IPOH Barat MCA has embarked on an electronic and electrical waste (ewaste) awareness campaign.
Held in cooperation with a licensed ewaste recovery and recycling company Edsha Solutions Sdn Bhd, the campaign kicked off at the service centre in Ipoh.
Ipoh Barat MCA coordinator Low Guo Nan said the ewaste collection programme had been in place for the last five years in Perak.
However, he said people still lacked awareness and discarded ewaste indiscriminately.
“It is no surprise seeing old refrigerators, television sets, microwave ovens and kettles among other electrical items discarded at illegal dumpsites.
“People do not know where to dispose of such items and the easiest way is to throw them on the roadside,” said Low.
“We want to play our part by educating the public on the importance of ensuring that these items are sent to the right place for proper disposal,” he said at the launch of the campaign.
Also present was Perak MCA veteran Datuk Yik Phooi Hong.
Low said he would be having similar campaigns at different locations at least once a month.
He urged people with such items to look out for the announcements on the roadshows.
“Almost every household has unused electrical items in their homes.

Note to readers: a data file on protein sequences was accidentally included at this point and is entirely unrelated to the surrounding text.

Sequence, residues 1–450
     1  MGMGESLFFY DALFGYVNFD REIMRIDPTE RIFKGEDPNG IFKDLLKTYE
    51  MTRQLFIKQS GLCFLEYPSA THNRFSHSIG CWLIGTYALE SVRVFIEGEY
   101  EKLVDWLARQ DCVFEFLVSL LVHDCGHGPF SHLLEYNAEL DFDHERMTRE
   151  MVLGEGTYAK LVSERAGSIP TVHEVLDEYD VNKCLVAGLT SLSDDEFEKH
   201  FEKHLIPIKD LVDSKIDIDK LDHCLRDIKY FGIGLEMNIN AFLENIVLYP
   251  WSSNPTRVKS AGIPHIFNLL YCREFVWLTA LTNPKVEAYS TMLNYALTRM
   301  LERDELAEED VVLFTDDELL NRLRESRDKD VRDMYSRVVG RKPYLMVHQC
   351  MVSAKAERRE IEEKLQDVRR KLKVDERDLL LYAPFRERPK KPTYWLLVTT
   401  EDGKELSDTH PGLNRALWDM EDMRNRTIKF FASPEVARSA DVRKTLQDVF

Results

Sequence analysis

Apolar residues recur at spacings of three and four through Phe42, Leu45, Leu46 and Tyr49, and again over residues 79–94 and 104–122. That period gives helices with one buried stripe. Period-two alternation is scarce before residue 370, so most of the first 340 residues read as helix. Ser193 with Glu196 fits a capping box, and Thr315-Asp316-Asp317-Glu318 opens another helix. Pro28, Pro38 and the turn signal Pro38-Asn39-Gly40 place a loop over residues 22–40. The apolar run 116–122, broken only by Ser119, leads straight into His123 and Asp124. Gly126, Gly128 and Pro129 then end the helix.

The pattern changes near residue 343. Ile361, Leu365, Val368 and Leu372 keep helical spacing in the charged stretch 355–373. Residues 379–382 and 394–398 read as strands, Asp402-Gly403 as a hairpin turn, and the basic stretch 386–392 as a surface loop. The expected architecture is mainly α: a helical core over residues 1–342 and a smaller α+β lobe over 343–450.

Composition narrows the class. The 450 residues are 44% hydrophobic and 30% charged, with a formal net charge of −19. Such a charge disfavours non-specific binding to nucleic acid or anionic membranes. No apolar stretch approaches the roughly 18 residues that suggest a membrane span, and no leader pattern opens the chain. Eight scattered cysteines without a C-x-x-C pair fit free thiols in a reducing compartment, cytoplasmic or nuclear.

“With latest models of gadgets such as handphones and laptops coming out every few months, many people tend to upgrade such devices. So the old ones end up in the bin,” he added.
Yik said people always talked about rare earth elements, but they did not understand that by disposing of such ewaste improperly, the substance leaked into the ground and water sources such as rivers.
“So humans who consume water and seafood are being poisoned slowly.
“The awareness about safe disposal of such items should be of utmost importance.
“It will be a good idea if Ipoh Barat MCA could place bins at the site, for people to dispose of ewaste conveniently,” he said, adding that it was difficult to find such bins anymore around the city centre.
Edsha Solutions managing director Edward Ponniah said many people lacked awareness on the hazardous substance found in electrical and electronic items.
If they are not disposed of properly, he said, it could have damaging consequences to the environment when the toxic materials are released.
Components such as mercury, lead, barium and lithium could have negative effects both on humans and the environment, he added.
“Usually, scrap metal dealers will collect such items and take what is valuable to them but the hazardous items are not disposed of properly,” said Edward.
“Thus the Perak DOE (Environ-ment Department) is working with three licensed contractors, one being my company, to ensure smooth collection process for ewaste.
“We have the proper equipment, manpower and a lab to segregate the components of the items sent to us.”
He said the companies also worked with local councillors on the ewaste programmes.
Edward said his company and other private companies collected only 20,000 tonnes of ewaste in 2018.
“The following year, we collected about 30,000 tonnes.
“Last year alone, we collected 314,000 tonnes after collaborating with local councils.
“The target this year is 400,000 tonnes. So far, we have collected 180,000 tonnes of such materials,” he added.